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Police looking for woman tied to West Point car burglaries


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Estimated read time: 2-3 minutes

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WEST POINT — Police in Davis County are looking for a woman believed to be connected to a spree of car burglaries.

Police are careful to point out that they are not certain of the woman's connection to all the burglaries. A man who had two cars raided is more certain, though, because he says he saw her twice: once out in front of his house, and once the next street over, as he was going to get some coffee. Both times, she sped off.

All of the cars involved fell victim because their doors were unlocked.

Chad Kihlstrom said he went outside early in the morning to find that his two cars in the driveway had been raided of valuables.

"The things we can't replace ... is the hard part," he said. "Some power tools were taken out of my truck, along with some very personal items from my deceased mother. Her driver's license."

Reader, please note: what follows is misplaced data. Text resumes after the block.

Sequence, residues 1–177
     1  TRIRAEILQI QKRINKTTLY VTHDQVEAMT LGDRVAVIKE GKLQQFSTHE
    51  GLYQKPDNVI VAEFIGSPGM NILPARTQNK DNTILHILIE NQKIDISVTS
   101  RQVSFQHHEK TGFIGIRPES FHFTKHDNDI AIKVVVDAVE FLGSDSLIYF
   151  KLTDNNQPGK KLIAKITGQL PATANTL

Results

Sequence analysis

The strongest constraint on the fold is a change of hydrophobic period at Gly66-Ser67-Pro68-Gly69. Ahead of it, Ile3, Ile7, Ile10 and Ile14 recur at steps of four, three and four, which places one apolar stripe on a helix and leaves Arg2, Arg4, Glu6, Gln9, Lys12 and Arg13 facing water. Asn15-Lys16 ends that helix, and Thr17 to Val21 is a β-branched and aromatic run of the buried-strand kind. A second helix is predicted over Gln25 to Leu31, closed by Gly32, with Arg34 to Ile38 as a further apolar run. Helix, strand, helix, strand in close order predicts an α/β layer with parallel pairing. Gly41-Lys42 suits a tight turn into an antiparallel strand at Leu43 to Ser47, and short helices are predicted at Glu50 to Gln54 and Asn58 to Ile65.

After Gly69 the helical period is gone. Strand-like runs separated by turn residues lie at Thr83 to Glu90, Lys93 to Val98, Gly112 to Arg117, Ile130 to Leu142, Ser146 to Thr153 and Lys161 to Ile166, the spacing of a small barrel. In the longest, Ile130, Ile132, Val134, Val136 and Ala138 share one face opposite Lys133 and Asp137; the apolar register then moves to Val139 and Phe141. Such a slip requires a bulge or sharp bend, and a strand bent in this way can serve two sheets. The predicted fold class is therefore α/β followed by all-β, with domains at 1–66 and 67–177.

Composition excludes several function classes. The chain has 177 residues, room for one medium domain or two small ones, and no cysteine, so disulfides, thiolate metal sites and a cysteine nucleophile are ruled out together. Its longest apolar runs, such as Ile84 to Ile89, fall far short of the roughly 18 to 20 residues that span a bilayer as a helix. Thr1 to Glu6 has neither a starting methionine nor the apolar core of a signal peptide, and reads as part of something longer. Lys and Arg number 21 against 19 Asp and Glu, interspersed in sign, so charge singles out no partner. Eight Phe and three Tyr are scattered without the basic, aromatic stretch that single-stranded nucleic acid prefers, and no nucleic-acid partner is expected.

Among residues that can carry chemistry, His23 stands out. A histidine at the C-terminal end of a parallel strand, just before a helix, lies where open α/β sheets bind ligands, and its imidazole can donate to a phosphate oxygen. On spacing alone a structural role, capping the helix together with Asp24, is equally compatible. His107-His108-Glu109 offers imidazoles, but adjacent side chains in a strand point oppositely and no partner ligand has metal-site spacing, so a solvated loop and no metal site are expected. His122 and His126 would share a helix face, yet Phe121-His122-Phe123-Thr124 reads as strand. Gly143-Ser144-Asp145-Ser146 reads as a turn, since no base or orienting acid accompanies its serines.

Just minutes before figuring out what was gone, he had seen a woman in her mid 20s, with brown hair and wearing black. She said 'hi' to him and jumped in what Kihlstrom said was a distinctive old black BMW — possibly early 1980s, and with a chrome bumper.

Upset over what had happened, Kihlstrom went for coffee and a smoke.


The things we can't replace ... is the hard part ... some very personal items from my deceased mother.

–Chad Kihlstrom


"I took the back road one road down," he said. "And I ran into the same young lady parked in front of some of my neighbors' houses, and I see some silhouettes in the vehicle."

They left, and Kihlstrom tried to follow, but they got away.

"To know I was right on top of 'em and to find out that half my street and half my entire local area got hit last night is disturbing for me," he said.

Police said whoever is responsible went after the same things over and over: GPS units, iPods, computers and driver licenses.

"There were nine residents that complained of their vehicles being burglarized, with a total of 16 cars," said Sgt. Susan Poulsen with the Davis County Sherrif's Office.

Though Kihlstrom said there may have been more suspects, sheriff's deputies are only confirming the one woman he actually saw. They're telling people to be smart: locking the doors is an obvious first step.

"These types of crimes are on the increase every year, but it seems as the years go on, there's a little bit more," Poulsen said. "And so just to take precautions with their belongings."

Photos

Andrew Adams

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